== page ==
A Glimpse Into the Daily Life of the Ashanti People

A Glimpse Into the Daily Life of the Ashanti People


In West Africa during the 17th century, Osei Tutu established an influential empire known as Ashanti. Under his rule, several independent chiefdoms united under his rule and made Kumasi their capital city.

The Ashanti people developed a distinct national culture which can be seen through their arts, architecture and music. Their customs blend traditional beliefs with religious practice for an unforgettable identity.


The Ashanti people possess an ancient cultural legacy which informs their everyday life. Belonging to the Akan ethnic group, they reside primarily in central Ghana near rainforest areas.

Culture for these African peoples encompasses traditional beliefs, historical narratives and handcrafted crafts such as weaving, woodcarving, ceramics and the famous Kente cloth.

Wedding, death and puberty ceremonies are performed. Furthermore, they believe in supernatural beings such as fairies, witches and forest monsters who provide protection and guidance in everyday life.

Therefore, they have an intense devotion to their ancestors and reverence for spiritual and supernatural forces. Furthermore, they believe everything has an inner spirit which they can access via rituals.

Family is of paramount importance to them and they live together in extended family units in homes or huts built around courtyards.

Villagers typically elect a council of elders who serves as an overarching voice in their community, as well as an elected Village Head Council comprised of all heads of household in the village.

Ashanti peoples are matrilineal societies and one of Ghana's largest tribes with an estimated population of 1.5 million people.

They are very social and economically active people, trading with neighbors as well as exporting kola nuts, salt and fabrics internationally.

They possess an intricate political system comprised of a monarch, confederacy council and chiefs from each village. Their leader, known as Asantehene, leads an alliance of Akan-speaking people called the Asante Union; his primary responsibility lies with unifying all Asantes across their nation.


Over time and cultures, people have used religious practices and spiritual beliefs to guide their daily lives, leading to religions being created that reflect what's happening here on the ground.

Ashanti peoples believe in one supreme God whom they worship through various lesser deities and spirits of their ancestors as part of their spiritual order.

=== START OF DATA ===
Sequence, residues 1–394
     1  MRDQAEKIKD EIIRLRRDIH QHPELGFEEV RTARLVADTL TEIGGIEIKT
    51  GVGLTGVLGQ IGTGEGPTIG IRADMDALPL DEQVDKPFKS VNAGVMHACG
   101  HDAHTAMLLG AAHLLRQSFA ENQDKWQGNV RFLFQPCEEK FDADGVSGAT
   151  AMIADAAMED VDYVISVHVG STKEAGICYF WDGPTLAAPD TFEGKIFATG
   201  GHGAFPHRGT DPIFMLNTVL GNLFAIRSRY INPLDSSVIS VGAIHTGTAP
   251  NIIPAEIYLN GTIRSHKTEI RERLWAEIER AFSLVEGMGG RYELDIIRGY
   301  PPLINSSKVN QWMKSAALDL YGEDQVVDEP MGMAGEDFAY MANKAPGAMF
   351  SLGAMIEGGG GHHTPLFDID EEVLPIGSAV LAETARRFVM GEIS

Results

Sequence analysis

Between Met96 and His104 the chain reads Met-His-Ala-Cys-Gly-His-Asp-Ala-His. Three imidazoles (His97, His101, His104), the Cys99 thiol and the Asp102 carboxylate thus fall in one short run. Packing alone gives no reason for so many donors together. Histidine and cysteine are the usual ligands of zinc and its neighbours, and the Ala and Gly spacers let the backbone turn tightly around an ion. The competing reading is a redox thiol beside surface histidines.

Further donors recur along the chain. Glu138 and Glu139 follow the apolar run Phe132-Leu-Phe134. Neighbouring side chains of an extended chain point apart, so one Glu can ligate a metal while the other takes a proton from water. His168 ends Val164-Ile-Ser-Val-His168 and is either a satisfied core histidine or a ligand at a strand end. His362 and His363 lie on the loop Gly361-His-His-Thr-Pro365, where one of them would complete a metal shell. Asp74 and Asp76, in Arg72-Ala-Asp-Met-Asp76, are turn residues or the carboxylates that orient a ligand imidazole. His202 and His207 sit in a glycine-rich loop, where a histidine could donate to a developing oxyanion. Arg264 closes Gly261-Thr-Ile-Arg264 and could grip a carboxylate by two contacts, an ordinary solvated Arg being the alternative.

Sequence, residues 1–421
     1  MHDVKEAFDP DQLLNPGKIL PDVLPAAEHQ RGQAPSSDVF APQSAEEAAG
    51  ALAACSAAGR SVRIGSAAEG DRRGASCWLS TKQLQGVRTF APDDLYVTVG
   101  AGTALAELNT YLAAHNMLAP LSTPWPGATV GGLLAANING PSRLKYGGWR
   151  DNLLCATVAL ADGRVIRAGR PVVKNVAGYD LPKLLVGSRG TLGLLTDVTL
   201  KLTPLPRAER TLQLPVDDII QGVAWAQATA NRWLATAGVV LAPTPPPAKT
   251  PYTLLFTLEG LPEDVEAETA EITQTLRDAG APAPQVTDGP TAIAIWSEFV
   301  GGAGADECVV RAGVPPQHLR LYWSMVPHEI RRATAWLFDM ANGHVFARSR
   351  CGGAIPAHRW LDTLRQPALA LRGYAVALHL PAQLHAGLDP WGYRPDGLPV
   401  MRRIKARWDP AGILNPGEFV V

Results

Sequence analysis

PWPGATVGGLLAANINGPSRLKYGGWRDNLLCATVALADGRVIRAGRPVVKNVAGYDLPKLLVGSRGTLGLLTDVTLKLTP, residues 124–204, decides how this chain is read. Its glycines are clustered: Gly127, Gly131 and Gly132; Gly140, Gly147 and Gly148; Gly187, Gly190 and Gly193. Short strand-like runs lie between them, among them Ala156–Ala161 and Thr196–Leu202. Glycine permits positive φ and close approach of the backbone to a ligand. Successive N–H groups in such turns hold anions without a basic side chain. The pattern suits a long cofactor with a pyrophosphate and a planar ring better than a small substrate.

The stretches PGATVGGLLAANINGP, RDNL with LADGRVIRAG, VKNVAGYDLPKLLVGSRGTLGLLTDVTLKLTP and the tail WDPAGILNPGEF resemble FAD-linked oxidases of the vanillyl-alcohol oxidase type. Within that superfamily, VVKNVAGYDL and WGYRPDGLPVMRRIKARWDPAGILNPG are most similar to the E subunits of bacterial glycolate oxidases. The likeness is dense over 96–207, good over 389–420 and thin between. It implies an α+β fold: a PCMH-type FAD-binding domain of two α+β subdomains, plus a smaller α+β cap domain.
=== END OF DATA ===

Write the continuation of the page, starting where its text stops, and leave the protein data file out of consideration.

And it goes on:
Beliefs hold an immense impact in Ashanti society. For instance, they believe a child derives their soul from their father's spirit while flesh and blood come from his or her mother's clan.

Religion in their culture centers on their belief in an unseen higher power known as Asantehene who they perceive to exist beyond this earth.

One of the more intriguing features of their religion is that it includes an intricate belief system about death. When someone passes, all family members must participate in their funeral ceremony.

There is also a tradition of three times washing the body of someone who has died, usually by their mother's side of the family using sponge, soap and warm water to conduct this act.

As well as their faith, Ashanti people also practice various customs and rituals that are unique to their culture, such as using a talking drum and giving fertility dolls to women within the village.

Osei Tutu, Asantehene of Ashanti, united independent chiefdoms and established the first Ashanti empire. His rule was supported by an inner council composed of powerful nobles as advisors and an annual assembly comprising senior chiefs and provincial rulers that collaborated on government matters; such meetings typically occurred during Odwira Festival to discuss matters affecting his kingdom.


Ashanti people are one of the most influential African groups in Ghana and widely recognized as being among the most politically and culturally advanced ethnicities within their homeland.

The Ashanti nation was established during a period of colonialism and conflict between European traders and forest-dwelling Akans from southern Ghana. King Osuo Tutu created an empire around Kumasi - its capital - by consolidating power through governance systems, military forces, religious ceremonies, and cultural practices. He created an identity of his people unified under one national identity through military force as well as religious practices to further centralise power within an imperial framework.